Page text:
What are your thoughts on the LED lighting movement?
Alan Steinheimer: In the beginning LEDs for filmmaking were subpar, typically with a green tint. In my mind the ARRI SkyPanel was the big breakthrough; a whole line of LED lights with a higher CRI, no green tint, RGBW control, and on-going improvements in the software with yearly updates. In the space of 6 years I went from using zero LEDs to shoots that are typically 80% LED now. Some filmmaker purists, mainly DPs, had a hard time accepting the LEDs. Similar to the CD revolution in music a little something (color fidelity?) was lost along the way but younger crews embraced LEDs, and with the continuing evolution of wireless DMX control that is such a natural fit for LEDs, there has been no turning back.
Filmmaking has always been a combination of art and commerce. I think the debate over the color rendering of LEDs has been eclipsed by the powerful attributes of RGBW and wireless control. We are still in the early stages of the wireless part, and I find there are problems with virtually all the dimming software I have used. At times I have wanted to pull my hair out, such as an incident two weeks ago where I opened up my iPad at the start of my work day, and the DMX software refused to open… I lost all the pre-programmed info, had to quickly download the software again, and re-program the entire set while setting up and giving the DP some lighting to look at. Despite these hiccups I am committed to working with LEDs and the wireless DMX. The creative potential is just too great to wait for some perfect version of all the components.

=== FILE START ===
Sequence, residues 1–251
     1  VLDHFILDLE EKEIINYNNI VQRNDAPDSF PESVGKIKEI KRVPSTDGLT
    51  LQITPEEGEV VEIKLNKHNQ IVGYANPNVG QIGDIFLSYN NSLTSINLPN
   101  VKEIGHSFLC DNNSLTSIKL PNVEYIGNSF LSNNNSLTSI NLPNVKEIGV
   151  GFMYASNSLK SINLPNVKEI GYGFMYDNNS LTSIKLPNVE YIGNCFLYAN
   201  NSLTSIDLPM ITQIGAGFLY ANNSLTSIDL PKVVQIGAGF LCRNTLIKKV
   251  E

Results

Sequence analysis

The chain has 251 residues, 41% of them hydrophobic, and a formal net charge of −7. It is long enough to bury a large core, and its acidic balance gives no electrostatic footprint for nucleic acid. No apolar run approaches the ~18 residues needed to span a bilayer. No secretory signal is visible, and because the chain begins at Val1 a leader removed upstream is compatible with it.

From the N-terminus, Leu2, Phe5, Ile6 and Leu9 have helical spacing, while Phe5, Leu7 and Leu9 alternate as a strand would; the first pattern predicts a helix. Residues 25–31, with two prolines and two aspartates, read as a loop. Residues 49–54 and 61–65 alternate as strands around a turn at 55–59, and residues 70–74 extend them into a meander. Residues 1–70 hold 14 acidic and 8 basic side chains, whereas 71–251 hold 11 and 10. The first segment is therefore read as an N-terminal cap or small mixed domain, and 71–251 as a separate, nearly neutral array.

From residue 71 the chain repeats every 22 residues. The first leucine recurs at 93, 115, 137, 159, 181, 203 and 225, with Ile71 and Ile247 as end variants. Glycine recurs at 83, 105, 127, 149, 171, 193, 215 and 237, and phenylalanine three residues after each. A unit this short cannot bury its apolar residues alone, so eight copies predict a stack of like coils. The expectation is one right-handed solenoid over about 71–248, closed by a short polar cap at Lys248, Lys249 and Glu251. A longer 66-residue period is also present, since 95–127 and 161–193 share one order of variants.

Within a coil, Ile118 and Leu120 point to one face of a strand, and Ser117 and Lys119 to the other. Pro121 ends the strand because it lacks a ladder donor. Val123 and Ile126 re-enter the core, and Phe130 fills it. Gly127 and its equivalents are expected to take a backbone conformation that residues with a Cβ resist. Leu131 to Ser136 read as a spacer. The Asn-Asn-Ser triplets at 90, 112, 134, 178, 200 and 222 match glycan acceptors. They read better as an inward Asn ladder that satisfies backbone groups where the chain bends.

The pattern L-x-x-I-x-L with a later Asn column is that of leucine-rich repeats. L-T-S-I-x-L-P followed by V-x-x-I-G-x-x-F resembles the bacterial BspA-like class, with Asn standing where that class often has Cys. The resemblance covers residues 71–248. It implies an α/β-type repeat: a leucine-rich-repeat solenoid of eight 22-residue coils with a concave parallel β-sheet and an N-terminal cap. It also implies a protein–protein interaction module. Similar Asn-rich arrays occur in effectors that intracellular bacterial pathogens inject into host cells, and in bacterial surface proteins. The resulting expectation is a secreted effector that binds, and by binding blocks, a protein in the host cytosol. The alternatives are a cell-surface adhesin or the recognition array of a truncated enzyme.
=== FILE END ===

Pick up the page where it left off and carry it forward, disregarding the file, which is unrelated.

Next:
What big changes do you see in lighting?
Alan Steinheimer: LEDs have wrought other changes in production such as decreased power consumption. Now you have the potential to run an ARRI S360 SkyPanel off a 2000w suitcase generator for an exterior shoot that in the past would have required a much larger generator. In offices I no longer worry much about tapping into power with the low draw of LEDs.
It does feel like crews are a bit smaller and have to move faster. Fortunately, the technology is constantly improving and allowing for that to happen. Certainly, faster camera ISOs and improved contrast compression has made my job a lot easier. I don’t have to gel windows with ND nearly as much nowadays.
It also feels like the average production level in terms of quality is continually rising, so even though crew size is averaging down the final production quality is getting better and better.
What was one of the most important things you learned on set?
Alan Steinheimer: Collaborating with your crew is what makes filmmaking so fun and powerful, and yet it takes time to learn to work cooperatively. Technical knowledge is nearly useless if you can’t work with others. In an ideal world filmmaking is like a continual adult education class where you are constantly learning and improving your craft and team skills.
If you could share your Top 3 Lighting Tips, what would they be?
Alan Steinheimer: At the risk of repeating myself, listening and collaborating are possibly the two most important concepts that aren’t typically stressed in filmmaking education. We live in a cowboy culture of everyman for himself and auteur theory where a director is given god-like status. In actual process on a film set it takes an entire village to make a good film of any length. Learning how to give and take, actively listen and process are traits that can improve almost any filmmaking.